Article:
United States District Court, W.D. Washington, Tacoma
ORDER ON STATE'S MOTION FOR PROTECTIVE ORDER
QUASHING SUBPOENAS FOR DEPOSITION
J. BRYAN UNITED STATES DISTRICT JUDGE.
matter comes before the Court on the State of
Washington's Motion for Protective Order Quashing
Subpoenas for Deposition. Dkt. 195. The Court has considered
the pleadings filed regarding the motion, the remaining file
and the file in Washington v. GEO Grp., Inc.,
Western District of Washington No. 17-5806 RJB, which is
joined with this case for liability purposes.
reasons provided below, the non-party State of
Washington's motion (Dkt. 195) should be denied, in part,
and granted, in part.
FACTS RELEVANT TO THE MOTION
September 26, 2017, the Plaintiffs filed this class action,
alleging that the Defendant, The GEO Group, Inc.
(“GEO”), failed to comply with the State of
Washington's Minimum Wage Act (“MWA”)
regarding work performed by civil detainees at the Northwest
Detention Center. Dkt. 1. On August 6, 2018, the undersigned
certified a class in this case of “all civil
immigration detainees who participated in the Voluntary Work
Program [(“VWP”)] at the Northwest Detention
Center from September 26, 2014 and the date of final judgment
in this matter.” Dkt. 114. The Northwest Detention
Center is owned and operated by GEO. Dkt. 1. As is relevant
here, in GEO's Answer to Plaintiffs' First Amended
Complaint, GEO asserts that it “has immunity from this
lawsuit” as one of its affirmative defenses. Dkt. 92.
September 20, 2017, the State filed a case against GEO,
maintaining that GEO failed to pay civil detainees
participating in the VWP in accord with MWA. Washington
v. GEO Grp., Inc., Western District of Washington No.
17-5806 RJB, Dkt. 1. As one of its affirmative defenses in
Washington, GEO maintains that it is entitled to
intergovernmental immunity. Washington v. GEO Grp.,
Inc., Western District of Washington No. 17-5806 RJB,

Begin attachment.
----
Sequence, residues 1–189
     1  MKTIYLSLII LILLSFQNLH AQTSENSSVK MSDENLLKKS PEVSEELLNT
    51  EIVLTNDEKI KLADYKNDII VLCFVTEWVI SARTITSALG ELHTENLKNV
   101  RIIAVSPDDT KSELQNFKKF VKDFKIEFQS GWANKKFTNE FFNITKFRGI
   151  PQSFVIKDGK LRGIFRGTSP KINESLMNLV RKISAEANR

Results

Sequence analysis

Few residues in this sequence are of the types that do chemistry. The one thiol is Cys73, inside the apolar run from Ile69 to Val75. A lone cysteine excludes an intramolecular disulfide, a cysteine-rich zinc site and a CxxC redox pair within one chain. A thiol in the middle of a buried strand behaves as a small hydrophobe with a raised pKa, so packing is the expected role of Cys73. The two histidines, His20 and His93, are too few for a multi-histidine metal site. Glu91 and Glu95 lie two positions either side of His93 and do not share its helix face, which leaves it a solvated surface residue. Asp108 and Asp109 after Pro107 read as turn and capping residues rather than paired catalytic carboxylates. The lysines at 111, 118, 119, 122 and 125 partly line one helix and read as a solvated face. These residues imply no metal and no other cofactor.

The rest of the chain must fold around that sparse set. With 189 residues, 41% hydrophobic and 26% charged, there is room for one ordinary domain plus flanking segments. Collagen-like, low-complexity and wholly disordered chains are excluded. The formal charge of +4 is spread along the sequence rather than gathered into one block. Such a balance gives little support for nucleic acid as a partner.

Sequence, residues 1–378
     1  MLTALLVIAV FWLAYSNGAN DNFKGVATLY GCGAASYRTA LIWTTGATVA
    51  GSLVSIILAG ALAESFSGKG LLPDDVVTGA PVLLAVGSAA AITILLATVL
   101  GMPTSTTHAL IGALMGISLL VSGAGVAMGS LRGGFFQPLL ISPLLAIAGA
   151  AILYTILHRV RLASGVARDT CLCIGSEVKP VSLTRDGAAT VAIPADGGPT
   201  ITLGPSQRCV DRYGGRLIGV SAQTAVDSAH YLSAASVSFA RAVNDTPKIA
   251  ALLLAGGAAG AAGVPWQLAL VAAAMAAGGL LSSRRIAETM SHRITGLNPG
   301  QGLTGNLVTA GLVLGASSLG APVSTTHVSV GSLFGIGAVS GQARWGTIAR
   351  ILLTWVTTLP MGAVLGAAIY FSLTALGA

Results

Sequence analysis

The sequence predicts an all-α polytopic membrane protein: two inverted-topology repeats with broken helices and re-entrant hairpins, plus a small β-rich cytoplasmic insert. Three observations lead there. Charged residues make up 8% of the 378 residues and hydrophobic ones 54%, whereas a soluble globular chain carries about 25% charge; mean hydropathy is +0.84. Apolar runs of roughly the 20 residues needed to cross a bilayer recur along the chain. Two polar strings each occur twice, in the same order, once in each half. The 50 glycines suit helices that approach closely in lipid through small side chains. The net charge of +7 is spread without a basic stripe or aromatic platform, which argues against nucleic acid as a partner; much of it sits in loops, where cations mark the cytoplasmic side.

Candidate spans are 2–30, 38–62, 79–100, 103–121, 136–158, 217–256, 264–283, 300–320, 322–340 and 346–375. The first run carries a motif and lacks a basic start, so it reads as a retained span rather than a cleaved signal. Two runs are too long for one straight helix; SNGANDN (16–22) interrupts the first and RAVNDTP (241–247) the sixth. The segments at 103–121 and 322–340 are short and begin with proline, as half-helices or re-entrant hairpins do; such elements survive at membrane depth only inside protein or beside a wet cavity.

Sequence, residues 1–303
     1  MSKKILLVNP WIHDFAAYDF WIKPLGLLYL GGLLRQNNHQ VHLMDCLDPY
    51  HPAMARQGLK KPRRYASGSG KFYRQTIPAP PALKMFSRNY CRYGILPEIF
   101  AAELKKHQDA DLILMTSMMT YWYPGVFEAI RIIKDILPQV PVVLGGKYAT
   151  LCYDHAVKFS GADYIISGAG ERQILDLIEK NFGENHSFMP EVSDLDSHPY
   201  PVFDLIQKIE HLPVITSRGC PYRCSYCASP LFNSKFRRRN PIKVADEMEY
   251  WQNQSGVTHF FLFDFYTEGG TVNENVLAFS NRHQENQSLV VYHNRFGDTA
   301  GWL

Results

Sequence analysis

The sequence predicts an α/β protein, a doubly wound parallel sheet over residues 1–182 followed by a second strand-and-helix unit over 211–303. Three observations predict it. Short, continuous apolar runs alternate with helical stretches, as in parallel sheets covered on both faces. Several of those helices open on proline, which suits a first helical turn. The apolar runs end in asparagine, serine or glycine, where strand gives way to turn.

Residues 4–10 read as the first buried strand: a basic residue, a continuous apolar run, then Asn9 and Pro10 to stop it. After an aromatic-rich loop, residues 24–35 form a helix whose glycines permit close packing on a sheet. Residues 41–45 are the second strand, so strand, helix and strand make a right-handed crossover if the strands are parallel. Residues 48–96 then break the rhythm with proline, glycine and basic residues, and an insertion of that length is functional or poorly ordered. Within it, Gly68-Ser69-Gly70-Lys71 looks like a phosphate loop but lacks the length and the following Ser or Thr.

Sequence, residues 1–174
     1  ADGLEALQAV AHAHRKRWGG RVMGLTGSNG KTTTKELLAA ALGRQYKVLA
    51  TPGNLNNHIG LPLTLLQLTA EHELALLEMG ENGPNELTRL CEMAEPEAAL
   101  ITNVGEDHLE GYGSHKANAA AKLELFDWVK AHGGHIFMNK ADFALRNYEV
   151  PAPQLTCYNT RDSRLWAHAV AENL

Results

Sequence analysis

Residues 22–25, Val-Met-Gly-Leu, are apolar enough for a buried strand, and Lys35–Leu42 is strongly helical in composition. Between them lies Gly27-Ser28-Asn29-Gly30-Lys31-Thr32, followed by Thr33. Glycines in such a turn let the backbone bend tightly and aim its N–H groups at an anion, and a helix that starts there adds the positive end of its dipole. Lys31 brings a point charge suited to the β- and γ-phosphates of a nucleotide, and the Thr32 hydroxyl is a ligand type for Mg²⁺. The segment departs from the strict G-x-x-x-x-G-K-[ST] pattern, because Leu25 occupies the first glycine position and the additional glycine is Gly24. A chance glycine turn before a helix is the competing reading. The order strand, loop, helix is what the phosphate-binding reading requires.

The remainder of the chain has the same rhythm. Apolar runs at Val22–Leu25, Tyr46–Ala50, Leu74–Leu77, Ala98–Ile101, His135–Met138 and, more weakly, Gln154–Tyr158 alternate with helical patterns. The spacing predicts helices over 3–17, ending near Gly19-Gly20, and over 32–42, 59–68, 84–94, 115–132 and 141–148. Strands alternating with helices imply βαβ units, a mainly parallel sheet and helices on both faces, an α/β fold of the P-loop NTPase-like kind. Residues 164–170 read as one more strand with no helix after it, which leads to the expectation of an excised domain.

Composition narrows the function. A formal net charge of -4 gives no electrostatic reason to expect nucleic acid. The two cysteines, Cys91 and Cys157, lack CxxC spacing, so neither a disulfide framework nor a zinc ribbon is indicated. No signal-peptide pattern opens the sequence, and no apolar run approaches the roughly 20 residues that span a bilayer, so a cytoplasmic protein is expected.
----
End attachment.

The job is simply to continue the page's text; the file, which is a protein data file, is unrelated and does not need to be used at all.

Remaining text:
see e.g., Dkt. 162. In December of 2018, the Court
denied GEO's motion for summary judgment on its defense
of intergovernmental immunity (Dkt. 162) and denied its
motion for reconsideration of the denial of the motion for
summary judgment (Dkt. 165). Washington v. GEO Grp.,
Inc., Western District of Washington No. 17-5806 RJB.
Discovery in Washington continued.
28, 2019, this class action case was consolidated with the
State case, Washington v. GEO Grp., Inc., Western
District of Washington No. 17-5806 RJB, for liability
purposes only. Dkts. 174 and 175. The Court ordered that the
deadlines in the cases would remain unchanged: the discovery
deadline in Washington was June 21, 2019 and the
discovery deadline in this case, Nwauzor, was
November 6, 2019 (later extended to November 22, 2019).
relevant to this motion, GEO took three depositions during
discovery in Washington: the State's Rule
30(b)(6) designees (from the Department of Labor and
Industries (“L&I”) and the Governor's
Office) and the State's expert on unjust enrichment. Dkt.
196, at 2.
the close of discovery in Washington and after
giving the parties another opportunity to address the defense
of intergovernmental immunity, on October 9, 2019, the Court
reaffirmed its prior ruling and denied GEO's motion for
summary judgment on that defense. Washington v. GEO Grp.,
Inc., Western District of Washington No. 17-5806 RJB,
Dkts. 306 and 322. On October 28, 2019, GEO's motion for
reconsideration, or in the alternative, to reopen discovery
and move for summary judgment, was denied in
Washington. Id., Dkt. 326. That order
specially provided that “it appear[ed] inappropriate to
reopen discovery and motion practice.” Id.
October 16, 2019, GEO issued five Fed.R.Civ.P. 45 subpoenas